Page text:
Yosemite Valley is to rock climbers what Mecca is to Muslims. Being a devout trad climber, I have been long overdue for a pilgrimage to the place where it all began, the home of the world’s most famous long, free routes. With exactly one week of vacation, a friend-climbing-partner, and a car packed with equipment, I set out to experience the soaring granite cliffs of the High Sierras, Tuolumne, and Yosemite.
There were some very powerful moments on this trip. On day one, climbing Positive Vibrations (5.11a) on the Incredible Hulk, I caught our rope in a crack and ripped the sheath when I swung to free it. Dangling 600 feet up on a rock wall, I had some rather grim visions of what possible outcomes; confidence was shaken, we decided to retreat. This very humbling experience prepared me for the very full week of adventure to come…
The next day, climbing in Tuolumne, was my favorite of the trip. I loved the variety of movement, the exposure, the acute sense of wilderness, and the endless high-quality rock. We climbed Lucky Streaks (5.10d) on Fairview Dome and had the route to ourselves, while groups jockeyed for position on the Regular Route. The climbing was unique, yet the wild and exploratory nature of the route felt much like Zion. We had a lovely day, enjoying the famous knob climbing, clean crack systems, and long pitches. After the climb, basking in the mix of fatigue and bliss, we drove down to “The Valley” and straight to El Cap Meadow.
We arrived to pay tribute just as the sun was setting upon the white flanks of the Captain. I had anticipated climbing in Yosemite for quite a while, and to be sitting at the base of El Capitan brought a flood of emotion. I felt the presence of the mountain in a way I have rarely experienced. The power of El Cap is a primal force, one that tests human durability. The character of the mountain is that of a hard nosed, tough, loving mentor that has inspired men and women for centuries. I thought about the character of climbing in Zion, how I was welcomed by Touchstone and invited to take my climbing to new heights, put through my paces, training on the walls of Cragmont, and seduced by Isaac to push myself to the top of Tricks of the Trade by whatever means necessary. Mountains have power, and we can share in that strength by simply asking for it. Laying in the meadow, I watched lights appear on El Cap as parties ended their day of climbing, and I felt a tremendous respect for El Cap. I am committed to return, to climb El Cap, and to learn a few of its secrets.
I had a great week of climbing, getting on some of the super-classic routes in the Valley and gaining some familiarity both on the rock and off. I experienced some of the local scene, joining a friend at a YOSAR party, meeting some of the DNC folks, and visiting with people at Camp 4 from all over the world. In comparing Yosemite to Zion, I must comment about the difference in food and lodging. Yosemite Valley has contracted out all food and lodging service to the Delaware North Company (DNC). As a concessionaire providing services to millions of visitors each year, it seems that there is little, if any, attention to quality. Options are pretty much limited to pizza, cheeseburgers, and buffet, or food cooked at camp. I may have overlooked something, but I was unimpressed with everything but the local beer from Mammoth Brewing Company (the Epic IPA is amazing). Food and lodging is expensive and there is not a lot of interest or investment from employees. In Springdale/Zion, privately owned businesses have more to gain in the pursuit of excellence. One can find spectacular burgers, pizza, steak, fish tacos, burritos, and chile rellanos (to name a few of my favorites), and great hotels, bed and breakfasts, or very reasonable camping options. Whether you are in Yosemite or Zion, you are going to pay more for services, because these towns rely on seasonal tourism to survive; in Springdale, however, I feel like you get what you pay for.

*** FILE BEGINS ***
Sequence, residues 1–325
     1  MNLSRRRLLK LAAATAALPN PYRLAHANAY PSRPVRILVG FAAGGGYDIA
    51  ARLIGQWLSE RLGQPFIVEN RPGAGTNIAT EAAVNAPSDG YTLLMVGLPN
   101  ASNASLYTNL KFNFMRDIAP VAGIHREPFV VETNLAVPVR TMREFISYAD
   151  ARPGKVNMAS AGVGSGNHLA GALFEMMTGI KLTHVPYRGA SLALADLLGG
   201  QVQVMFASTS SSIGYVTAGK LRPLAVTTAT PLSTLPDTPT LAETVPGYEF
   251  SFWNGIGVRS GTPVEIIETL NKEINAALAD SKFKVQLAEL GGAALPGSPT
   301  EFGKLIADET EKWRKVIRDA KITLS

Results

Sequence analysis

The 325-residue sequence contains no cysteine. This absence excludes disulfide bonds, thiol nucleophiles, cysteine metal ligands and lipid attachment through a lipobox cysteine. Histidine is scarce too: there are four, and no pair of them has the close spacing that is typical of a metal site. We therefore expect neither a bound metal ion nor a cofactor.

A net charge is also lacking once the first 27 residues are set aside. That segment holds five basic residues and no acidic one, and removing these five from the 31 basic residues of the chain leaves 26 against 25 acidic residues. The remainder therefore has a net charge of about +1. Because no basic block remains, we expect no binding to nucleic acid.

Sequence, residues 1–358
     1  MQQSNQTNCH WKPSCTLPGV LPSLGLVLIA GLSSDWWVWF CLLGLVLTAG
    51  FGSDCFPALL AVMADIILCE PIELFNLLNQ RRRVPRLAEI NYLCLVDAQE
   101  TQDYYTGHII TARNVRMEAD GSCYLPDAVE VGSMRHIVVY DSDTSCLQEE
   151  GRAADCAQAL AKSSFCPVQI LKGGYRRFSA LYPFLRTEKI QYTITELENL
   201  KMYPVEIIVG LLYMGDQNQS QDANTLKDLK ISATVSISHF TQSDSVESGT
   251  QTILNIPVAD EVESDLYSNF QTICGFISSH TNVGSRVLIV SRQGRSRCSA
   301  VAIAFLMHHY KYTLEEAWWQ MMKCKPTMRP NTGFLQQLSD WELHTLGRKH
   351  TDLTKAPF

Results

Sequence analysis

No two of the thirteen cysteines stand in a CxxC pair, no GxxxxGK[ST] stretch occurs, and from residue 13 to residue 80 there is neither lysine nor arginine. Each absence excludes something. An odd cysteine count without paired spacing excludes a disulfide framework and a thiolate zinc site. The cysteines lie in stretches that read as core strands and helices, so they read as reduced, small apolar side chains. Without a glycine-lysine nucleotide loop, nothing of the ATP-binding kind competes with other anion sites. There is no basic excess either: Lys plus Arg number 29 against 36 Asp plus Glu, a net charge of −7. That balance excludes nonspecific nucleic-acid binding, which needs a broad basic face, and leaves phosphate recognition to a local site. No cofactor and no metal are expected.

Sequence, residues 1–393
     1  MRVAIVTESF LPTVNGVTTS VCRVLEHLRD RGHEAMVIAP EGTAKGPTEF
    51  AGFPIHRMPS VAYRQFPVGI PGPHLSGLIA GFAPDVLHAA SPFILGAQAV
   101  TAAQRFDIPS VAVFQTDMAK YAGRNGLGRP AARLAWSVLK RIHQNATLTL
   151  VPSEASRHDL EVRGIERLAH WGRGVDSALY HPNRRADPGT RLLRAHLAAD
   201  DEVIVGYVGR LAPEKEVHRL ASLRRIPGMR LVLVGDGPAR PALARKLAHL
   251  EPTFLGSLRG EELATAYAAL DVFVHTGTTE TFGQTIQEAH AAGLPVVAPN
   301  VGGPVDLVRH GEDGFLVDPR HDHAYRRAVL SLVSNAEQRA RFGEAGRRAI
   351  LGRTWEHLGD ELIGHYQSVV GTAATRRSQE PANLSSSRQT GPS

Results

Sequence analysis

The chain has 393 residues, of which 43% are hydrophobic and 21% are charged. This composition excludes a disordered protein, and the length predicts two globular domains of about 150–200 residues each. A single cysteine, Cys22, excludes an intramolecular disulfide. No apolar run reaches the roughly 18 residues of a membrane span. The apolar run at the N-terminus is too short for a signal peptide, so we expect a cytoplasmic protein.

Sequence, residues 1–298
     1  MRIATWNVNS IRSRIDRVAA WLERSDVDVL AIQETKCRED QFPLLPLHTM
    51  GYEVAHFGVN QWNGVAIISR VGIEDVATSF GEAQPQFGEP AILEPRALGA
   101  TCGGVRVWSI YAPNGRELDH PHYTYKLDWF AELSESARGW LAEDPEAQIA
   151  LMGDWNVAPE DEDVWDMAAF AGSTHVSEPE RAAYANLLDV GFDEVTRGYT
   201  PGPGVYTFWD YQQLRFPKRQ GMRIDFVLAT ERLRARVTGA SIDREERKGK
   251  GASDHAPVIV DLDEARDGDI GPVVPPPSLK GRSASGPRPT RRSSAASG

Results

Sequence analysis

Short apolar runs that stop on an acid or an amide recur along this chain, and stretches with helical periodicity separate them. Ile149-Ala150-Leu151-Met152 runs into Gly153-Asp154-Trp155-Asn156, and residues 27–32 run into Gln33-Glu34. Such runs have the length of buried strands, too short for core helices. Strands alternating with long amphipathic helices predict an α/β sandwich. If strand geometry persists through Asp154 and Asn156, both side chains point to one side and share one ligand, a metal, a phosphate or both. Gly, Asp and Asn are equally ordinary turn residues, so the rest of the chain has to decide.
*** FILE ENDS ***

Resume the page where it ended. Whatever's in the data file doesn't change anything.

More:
Without seeming too biased, I must say the climbing opportunities in Yosemite are greater than Zion (especially for beginners). While there are many similarities between these two awesome river valleys, incredible hiking opportunities, and unmatched natural splendor, each must be experienced, and I suspect that it would take a lifetime to know all the nooks and crannies of these unique national parks.
It is nice to be back in Springdale, feeling the desert sun and getting out in the canyons. Traveling has a way of stoking my desire to explore and fueling my daydreams, and this trip was no different. Stay tuned for accounts of Zion big walling, and as always, feel free to write inflammatory, congratulatory, or asinine comments alike.
TRIP HIT LIST:
High Sierras: The Incredible Hulk – Positive Vibrations 5.11a (13 pitches, we climbed 6 before a torn rope sheath prompted our descent)
Tuolumne: Fairview Dome – Lucky Streaks 5.10d (6 pitches)
Yosemite: Manure Pile – Nutcracker 5.8 (5 pitches)
Yosemite: Royal Arches Area – Serenity Crack and Sons of Yesterday link-up 5.10d (7 pitches)
Yosemite: Middle Cathedral – North East Buttress (original route) 5.10c (11 pitches)